Brace yourselves, election season is here
Hungary’s parliamentary elections will be held less than seven weeks from today, on April 8th, and we find ourselves up to our eyeballs in election season madness.
This is the time when critics of the Orbán Government in media and international organizations go to great lengths to paint a negative picture of today’s Hungary and the prime minister. That comes as little surprise, but what I find interesting this year is that many of them are simply rehashing the tired old topics we dealt with in the lead up to the 2014 elections.
As I wrote earlier this month in my response to that second-rate article published in The New York Times, it’s so déjà vu that I can predict the topics: independence of the judiciary, the media law, checks and balances, social inclusion. We already litigated these – in some cases quite literally in our discussions with the European Commission – in the run-up to the 2014 elections and settled all of them. But as we approach another election, some believe these wells haven’t run dry. A recent example comes to us from the BBC, a slanted report depicting the plight of Hungary’s most vulnerable social group, the Roma.
In her “investigative” report entitled “Gypsy Kids Taken From Home”, the BBC’s Stacey Dooley roamed one of the poorest regions of Hungary in search of justification to support her theory that the Hungarian child-care system discriminates against the local Roma population. She argues that authorities take custody unjustly of Roma children.
Of course, the best place for all children is by their mother’s side, we can all agree on that.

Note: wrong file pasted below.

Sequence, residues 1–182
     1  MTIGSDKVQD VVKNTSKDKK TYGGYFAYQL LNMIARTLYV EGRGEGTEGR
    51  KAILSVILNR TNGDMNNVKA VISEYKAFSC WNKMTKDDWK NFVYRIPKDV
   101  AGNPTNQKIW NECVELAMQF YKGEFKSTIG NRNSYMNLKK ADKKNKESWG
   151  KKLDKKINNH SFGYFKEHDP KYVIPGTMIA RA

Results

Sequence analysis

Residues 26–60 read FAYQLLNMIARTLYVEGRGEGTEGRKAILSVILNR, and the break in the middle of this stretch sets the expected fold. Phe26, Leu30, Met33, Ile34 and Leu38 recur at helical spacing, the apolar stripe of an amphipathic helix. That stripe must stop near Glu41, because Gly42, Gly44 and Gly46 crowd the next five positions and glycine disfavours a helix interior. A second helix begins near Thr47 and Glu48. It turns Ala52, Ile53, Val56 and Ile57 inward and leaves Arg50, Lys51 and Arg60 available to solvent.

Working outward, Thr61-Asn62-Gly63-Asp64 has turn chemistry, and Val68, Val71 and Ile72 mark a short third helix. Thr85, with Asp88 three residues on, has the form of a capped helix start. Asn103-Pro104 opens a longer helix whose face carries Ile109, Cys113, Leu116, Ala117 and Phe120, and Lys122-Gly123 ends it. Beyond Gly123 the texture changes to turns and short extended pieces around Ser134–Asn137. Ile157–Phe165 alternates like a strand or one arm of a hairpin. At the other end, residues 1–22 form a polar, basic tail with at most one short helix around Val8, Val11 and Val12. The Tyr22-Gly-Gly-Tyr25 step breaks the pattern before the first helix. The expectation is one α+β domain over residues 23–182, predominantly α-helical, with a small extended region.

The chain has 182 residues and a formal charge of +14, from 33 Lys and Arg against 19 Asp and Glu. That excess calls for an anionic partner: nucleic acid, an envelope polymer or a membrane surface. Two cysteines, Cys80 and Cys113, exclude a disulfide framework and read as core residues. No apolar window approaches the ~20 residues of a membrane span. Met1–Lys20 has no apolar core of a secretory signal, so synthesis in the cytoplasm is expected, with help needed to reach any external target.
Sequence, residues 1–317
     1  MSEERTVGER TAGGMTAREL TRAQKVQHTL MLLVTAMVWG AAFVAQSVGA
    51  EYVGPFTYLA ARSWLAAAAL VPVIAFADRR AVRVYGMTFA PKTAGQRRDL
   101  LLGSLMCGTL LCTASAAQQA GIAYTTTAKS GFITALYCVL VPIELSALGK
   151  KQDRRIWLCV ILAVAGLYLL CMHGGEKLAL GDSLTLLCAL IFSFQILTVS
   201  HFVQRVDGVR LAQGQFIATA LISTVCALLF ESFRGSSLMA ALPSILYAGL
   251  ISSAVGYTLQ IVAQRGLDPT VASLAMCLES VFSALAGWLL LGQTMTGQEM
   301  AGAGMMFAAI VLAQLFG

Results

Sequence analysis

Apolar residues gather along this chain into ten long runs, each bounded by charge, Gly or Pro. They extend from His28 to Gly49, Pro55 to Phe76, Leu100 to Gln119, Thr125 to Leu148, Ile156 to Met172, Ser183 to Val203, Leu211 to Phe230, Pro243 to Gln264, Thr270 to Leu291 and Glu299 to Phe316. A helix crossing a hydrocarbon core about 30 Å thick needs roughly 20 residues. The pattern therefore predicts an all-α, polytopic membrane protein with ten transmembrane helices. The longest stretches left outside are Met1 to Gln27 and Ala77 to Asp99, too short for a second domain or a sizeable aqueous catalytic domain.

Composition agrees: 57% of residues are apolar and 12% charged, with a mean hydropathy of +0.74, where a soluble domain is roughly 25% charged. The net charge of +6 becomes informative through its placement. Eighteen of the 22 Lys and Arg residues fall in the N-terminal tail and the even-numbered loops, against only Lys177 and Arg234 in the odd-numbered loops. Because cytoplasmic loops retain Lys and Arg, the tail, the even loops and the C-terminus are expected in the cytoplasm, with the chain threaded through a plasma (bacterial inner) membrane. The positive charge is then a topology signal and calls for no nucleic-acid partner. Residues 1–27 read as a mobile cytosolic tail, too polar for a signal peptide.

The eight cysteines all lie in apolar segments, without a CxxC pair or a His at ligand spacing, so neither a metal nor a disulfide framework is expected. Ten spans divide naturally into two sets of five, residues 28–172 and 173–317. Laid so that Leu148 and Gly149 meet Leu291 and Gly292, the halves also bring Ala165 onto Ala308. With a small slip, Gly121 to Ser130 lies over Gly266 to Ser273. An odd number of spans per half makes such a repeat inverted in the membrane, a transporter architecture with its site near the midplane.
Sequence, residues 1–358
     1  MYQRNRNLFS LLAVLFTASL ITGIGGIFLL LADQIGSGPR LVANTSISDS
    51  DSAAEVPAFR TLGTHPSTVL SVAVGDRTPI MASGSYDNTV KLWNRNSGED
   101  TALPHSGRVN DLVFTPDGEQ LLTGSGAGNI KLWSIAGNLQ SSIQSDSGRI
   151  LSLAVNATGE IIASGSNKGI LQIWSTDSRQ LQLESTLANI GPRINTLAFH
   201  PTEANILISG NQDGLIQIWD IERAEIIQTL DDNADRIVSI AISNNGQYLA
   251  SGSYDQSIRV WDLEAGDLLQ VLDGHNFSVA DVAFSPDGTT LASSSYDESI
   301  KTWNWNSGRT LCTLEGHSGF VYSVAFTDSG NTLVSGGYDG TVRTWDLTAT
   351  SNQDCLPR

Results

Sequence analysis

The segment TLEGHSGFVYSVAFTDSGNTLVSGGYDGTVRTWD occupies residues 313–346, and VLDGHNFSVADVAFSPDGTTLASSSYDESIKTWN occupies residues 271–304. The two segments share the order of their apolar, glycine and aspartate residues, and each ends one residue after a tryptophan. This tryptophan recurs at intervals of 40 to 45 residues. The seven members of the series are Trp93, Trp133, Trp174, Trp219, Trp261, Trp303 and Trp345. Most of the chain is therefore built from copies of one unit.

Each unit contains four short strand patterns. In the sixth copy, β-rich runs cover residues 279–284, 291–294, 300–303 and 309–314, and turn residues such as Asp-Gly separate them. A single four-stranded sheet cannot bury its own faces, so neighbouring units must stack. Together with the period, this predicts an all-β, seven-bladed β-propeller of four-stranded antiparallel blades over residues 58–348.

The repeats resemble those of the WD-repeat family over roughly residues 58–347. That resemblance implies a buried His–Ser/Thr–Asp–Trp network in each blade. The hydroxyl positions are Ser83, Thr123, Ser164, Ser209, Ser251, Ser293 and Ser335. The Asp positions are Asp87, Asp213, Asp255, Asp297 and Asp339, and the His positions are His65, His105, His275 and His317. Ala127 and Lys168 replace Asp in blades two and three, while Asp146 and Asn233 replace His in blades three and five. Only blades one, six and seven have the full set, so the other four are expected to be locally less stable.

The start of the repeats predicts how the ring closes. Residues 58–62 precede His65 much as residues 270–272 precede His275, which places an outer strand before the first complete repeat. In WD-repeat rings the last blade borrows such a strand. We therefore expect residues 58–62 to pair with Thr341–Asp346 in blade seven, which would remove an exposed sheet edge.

But dragging Hungary’s most vulnerable social group into an otherwise politically-driven narrative touches a nerve with me. Trust me when I say that as a former state secretary for Roma Inclusion in the Ministry of Human Resources, I know first-hand the full scope of government policies on Roma inclusion, including Safe Start programs that address early childhood education and parenting, study halls that tackle primary school and high school drop-outs, as well as second chance programs for adults.
By the way, when Hungary held the presidency of the Council of the European Union in 2011, the government initiated an EU-level strategy for Roma inclusion. We won’t say Hungary doesn’t have social challenges, but decades of setbacks cannot be fixed overnight.
This BBC report is only one of many yet to come. Brace yourselves, election season is here, and the mainstream media that has never really bothered to report in a balanced way on Hungary will continue to publish more of the same. Expect to hear more in the coming weeks about Hungary’s media, judiciary, checks and balances, social inclusion and electoral system.